Codices Hibernenses Eximii III: Book of Uí Mhaine
Published by Royal Irish Academy
Number of pages: 384
The fourteenth-century Book of Uí Mhaine is miscellaneous in content, comprising a wide range of texts in Old, Middle and Early Modern Irish, in prose and poetry, and covering a diverse range of genres from history to poetry, grammar to dindshenchas, glossaries to genealogies. Miscellaneous, however, does not necessarily mean random. Certain thematic clusters can be identified within the manuscript, and the layout and juxtaposition of texts appear to be both deliberate and meaningful. The manuscript contains much that represents senchas—the learned historical discourse of medieval Ireland—but there is also much about it that is more innovative, not least ‘the free mixture and association of contemporary poetry and older poetry in a single book’. Many of the poems in Book of Uí Mhaine are of particular social or political importance, and a significant number of them are uniquely preserved there.
This volume, which is the third in the Royal Irish Academy’s Codices Hibernenses Eximii series, presents revised versions of contributions to a conference on the manuscript by Nollaig Ó Muraíle, Bernadette Cunningham, Raymond Gillespie, Ruairí Ó hUiginn, Michael Clarke, Marie-Luise Theuerkauf, Liam Breathnach, Paul Russell, Deborah Hayden, Pádraig Ó Macháin, Micheál Hoyne and Karen Ralph. It is edited by Elizabeth Boyle and Ruairí Ó hUiginn.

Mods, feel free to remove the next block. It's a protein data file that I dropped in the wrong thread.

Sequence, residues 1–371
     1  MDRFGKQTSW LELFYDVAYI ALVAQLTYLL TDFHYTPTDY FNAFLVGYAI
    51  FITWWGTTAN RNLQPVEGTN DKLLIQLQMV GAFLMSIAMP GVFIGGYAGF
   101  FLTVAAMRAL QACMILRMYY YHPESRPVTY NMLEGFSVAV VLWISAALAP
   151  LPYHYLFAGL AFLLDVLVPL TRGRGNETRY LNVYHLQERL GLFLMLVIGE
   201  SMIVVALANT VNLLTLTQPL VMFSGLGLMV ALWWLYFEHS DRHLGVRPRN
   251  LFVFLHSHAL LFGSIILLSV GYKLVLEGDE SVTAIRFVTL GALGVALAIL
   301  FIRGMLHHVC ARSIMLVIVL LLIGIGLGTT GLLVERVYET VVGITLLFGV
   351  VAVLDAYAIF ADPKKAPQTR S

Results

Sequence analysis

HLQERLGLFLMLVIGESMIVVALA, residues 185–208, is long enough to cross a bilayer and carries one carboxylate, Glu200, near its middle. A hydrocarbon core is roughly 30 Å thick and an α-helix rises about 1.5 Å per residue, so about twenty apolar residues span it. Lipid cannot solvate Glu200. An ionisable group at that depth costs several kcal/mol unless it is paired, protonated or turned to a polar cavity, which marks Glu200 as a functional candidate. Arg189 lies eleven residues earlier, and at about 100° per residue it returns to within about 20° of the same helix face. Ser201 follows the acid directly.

One highlight of the book is an edition and translation by Liam Breatnach (Dublin Institute for Advanced Studies) of a medieval Irish poem that is uniquely preserved in the Book of Uí Mhaine and which has never been published before. The poem, which possibly dates to the twelfth or thirteenth century, discusses all sorts of medieval occupations – from musicians to doctors, silversmiths to comb-makers, ploughmen to … professional farters (yes, that was a job in the Middle Ages!). In another chapter, Michael Clarke (University of Galway), discusses the important ‘Poems on World-Kingship’, which are ascribed to a scholar and teacher named Flann Mainistrech, from the monastery of Monasterboice, who died in 1056. These poems chart the history (such as it was known in eleventh-century Ireland) of ancient empires ranging from the Assyrians to the Romans. A chapter by Marie-Luise Theuerkauf (University of Cambridge) discusses the manuscript’s examples of dindshenchas, which is the medieval Irish genre of narratives about how places got their names.
Editors Elizabeth Boyle and Ruairí Ó hUiginn at the launch of Book of Uí Mhaine, Royal Irish Academy, April 2023.
Editor Elizabeth Boyle takes us through the book in a thread of illustrated tweets - take a look
Also in the Codices Hibernenses Eximii series, examining some of the Royal Irish Academy’s most important medieval manuscripts: